Flooding in early January produced a catastrophic fish kill in the Richmond River, which is closed in its entirety until further notice. The closure is to be reviewed monthly.
A total of 50 tonnes of dead fish was registered at the Ballina tip weighbridge for disposal during January and that was just the fish that floated to the surface and were washed against the banks around town, not elsewhere in the river. Given that only about 10% of dead fish float, you begin to gather the enormity of the event. Rafts of dead fish were seen many miles offshore.
Also consider the equally huge biomass of invertebrates such as prawns, shrimp, crabs, yabbies, worms, oysters and other molluscs that died. All rely on dissolved oxygen to breathe and there was none.
Pro river netter Dallas Johnson said, “As we were cleaning up the tonnes of prime mullet, bream, blackfish and jewfish on the banks, somebody said to me, ‘It must break your heart to see so many thousands of dollars’ worth of fish die’. I told him, ‘It’s nothing to do with the money, mate, it’s the waste. Now I won’t catch them with a net, I won’t catch them with a soft plastic and nobody else will, either. And they won’t breed’.”
The disastrous kill that followed the February 2001 flood pales in comparison with this one.
Agriculture and Fisheries Minister Ian Macdonald says it’s ‘almost impossible’ to avoid fish kills after floods like these, although he has conceded that farming practices need to be examined. Having a minister responsible for both agriculture and fisheries is like having one person looking after foxes and chickens – it just doesn’t work.
The January flood was not a one-in-100-year event, nor even a 50-year event – it was a one-in-10-year one. There have now been at least half a dozen floods of this magnitude since 1954.
While local history records a number if incidents of sizable natural fish kills after flooding due to the inherent sulfidic soil structure of the floodplain, only the last two floods have resulted in fish kills on such a scale. This isn’t natural.
How did it happen? Basically, because of chronic and cumulative catchment mismanagement.
After the 2001 event, scientists and fisheries and agriculture managers told those at a series of seminars of the increasingly growing stresses on Richmond catchment waterways due to intensive agricultural practices including extensive wetland drainage, intensive cropping of sugar cane, tea trees, macadamias, soybeans and cattle grazing.
Oxidation of monosufidic black ooze (MBO) in agricultural drains, and vegetation decomposition on the floodplain contribute to the formation of ‘black water’ held in closed drains, channels and naturally in wetlands. The wetlands at least have the ability to slowly filter out the black water over time, while the drains are managed to promote rapid drainage of valuable crops.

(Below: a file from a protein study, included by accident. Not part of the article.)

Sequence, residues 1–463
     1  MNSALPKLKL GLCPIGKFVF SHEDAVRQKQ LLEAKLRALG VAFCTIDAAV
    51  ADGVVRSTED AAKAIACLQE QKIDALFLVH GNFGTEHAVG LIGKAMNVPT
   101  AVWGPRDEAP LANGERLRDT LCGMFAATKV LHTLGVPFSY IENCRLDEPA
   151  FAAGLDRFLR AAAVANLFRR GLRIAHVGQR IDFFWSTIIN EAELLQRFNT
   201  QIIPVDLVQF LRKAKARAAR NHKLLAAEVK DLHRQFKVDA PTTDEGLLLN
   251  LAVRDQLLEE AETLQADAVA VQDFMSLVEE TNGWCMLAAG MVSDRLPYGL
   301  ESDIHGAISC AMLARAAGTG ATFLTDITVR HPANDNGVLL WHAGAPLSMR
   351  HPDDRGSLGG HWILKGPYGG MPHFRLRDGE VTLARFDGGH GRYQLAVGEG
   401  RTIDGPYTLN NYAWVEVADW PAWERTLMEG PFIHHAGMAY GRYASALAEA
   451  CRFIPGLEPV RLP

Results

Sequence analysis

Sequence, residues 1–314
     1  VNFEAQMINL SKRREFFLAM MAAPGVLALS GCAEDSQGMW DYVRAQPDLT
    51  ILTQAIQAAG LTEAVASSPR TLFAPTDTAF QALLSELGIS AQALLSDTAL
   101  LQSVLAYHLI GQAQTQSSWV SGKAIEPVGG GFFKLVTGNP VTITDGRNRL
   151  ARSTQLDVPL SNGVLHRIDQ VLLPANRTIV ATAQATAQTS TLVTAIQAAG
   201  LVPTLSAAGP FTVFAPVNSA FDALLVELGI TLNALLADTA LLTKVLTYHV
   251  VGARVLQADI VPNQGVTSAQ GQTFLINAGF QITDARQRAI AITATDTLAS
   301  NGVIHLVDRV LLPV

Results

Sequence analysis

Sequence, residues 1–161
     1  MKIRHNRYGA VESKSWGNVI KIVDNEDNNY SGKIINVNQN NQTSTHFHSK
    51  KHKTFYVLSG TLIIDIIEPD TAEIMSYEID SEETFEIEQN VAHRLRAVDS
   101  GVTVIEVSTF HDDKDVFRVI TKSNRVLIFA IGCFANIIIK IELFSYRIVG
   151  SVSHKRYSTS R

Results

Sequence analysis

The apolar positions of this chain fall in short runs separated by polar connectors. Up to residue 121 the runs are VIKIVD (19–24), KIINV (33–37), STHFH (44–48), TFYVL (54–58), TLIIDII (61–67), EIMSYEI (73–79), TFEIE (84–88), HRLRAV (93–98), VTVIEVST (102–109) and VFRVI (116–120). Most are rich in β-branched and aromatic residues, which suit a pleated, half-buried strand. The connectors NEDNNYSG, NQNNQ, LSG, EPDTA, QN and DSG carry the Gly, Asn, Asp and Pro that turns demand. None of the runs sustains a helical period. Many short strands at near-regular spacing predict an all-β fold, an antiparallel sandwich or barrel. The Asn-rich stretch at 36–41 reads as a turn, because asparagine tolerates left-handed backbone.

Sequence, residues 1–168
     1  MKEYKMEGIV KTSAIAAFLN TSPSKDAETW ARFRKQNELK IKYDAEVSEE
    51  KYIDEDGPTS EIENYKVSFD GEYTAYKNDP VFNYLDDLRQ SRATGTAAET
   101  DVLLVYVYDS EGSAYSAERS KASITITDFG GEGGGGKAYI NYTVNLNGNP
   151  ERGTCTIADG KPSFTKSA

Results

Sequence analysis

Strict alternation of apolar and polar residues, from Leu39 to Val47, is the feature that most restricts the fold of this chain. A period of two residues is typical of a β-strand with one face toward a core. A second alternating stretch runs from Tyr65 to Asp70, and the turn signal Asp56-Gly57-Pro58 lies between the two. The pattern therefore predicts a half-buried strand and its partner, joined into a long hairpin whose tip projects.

The steep-sided drains are often covered in terrestrial weeds, often smartweed, which, when inundated, die and their decomposition further strips oxygen from the water. Some thinking farmers already are converting their drains to gently sloping affairs with ‘drowning’-resistant marsh vegetation while others either don’t know or don’t care.
When mixed with normal river water, one litre of black water has the capacity to strip the dissolved oxygen from up to 10,000 litres of river water. Fish and other river life can’t see it coming and die.
According to Causes of Deoxygenation in the Richmond River Estuary (2001/RD/60005) by Brad Eyre, Geoff Kerr and Leigh Sullivan of the Centre for Coastal Biogeochemistry at Lismore’s Southern Cross University:
Management options to reduce floodplain deoxygenation include removing cuttings from slashed pasture and transporting off-site, reducing slashed pasture windrow loads by using comb-type mowers, returning areas of the floodplain to wetlands to allow the establishment of inundation tolerant vegetation and retaining deoxygenated floodwaters in low-lying areas of the floodplain to allow oxygen consumption process to be completed before releasing this water back to the estuary.
Management options to reduce the formation of MBO include reducing the nutrient availability in drains, harvesting in-drain vegetation and transporting the organic matter off-site and reducing the drain depth.
• The full report can be downloaded at www.scu.edu.au/schools/esm/ccb/Final%20Report%20GOOO5.pdfReads: 1975